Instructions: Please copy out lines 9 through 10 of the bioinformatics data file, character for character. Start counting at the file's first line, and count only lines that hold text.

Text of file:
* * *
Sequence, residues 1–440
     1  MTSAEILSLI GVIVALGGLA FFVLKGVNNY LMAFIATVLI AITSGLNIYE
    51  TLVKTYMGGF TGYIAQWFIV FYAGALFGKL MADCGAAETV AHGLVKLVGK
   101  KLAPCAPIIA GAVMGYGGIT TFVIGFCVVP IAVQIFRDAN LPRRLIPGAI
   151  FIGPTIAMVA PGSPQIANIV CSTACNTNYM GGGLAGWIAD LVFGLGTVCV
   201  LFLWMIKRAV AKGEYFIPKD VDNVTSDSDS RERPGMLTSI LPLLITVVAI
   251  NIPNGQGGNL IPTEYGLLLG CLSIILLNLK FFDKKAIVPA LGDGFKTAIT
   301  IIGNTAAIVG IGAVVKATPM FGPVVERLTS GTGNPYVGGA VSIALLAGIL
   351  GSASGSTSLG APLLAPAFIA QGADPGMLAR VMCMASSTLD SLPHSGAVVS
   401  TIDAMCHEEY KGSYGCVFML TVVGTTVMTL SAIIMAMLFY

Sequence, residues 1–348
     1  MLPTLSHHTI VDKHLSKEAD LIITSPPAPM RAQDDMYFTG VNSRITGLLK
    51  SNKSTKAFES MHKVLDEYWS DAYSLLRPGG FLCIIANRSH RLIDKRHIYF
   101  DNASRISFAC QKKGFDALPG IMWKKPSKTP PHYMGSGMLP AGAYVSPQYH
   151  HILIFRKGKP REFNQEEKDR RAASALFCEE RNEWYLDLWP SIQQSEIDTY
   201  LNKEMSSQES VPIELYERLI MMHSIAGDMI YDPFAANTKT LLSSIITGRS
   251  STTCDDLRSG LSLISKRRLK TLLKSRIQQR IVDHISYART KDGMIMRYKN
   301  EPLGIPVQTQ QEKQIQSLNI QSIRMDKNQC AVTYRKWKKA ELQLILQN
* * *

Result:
   351  GSASGSTSLG APLLAPAFIA QGADPGMLAR VMCMASSTLD SLPHSGAVVS
   401  TIDAMCHEEY KGSYGCVFML TVVGTTVMTL SAIIMAMLFY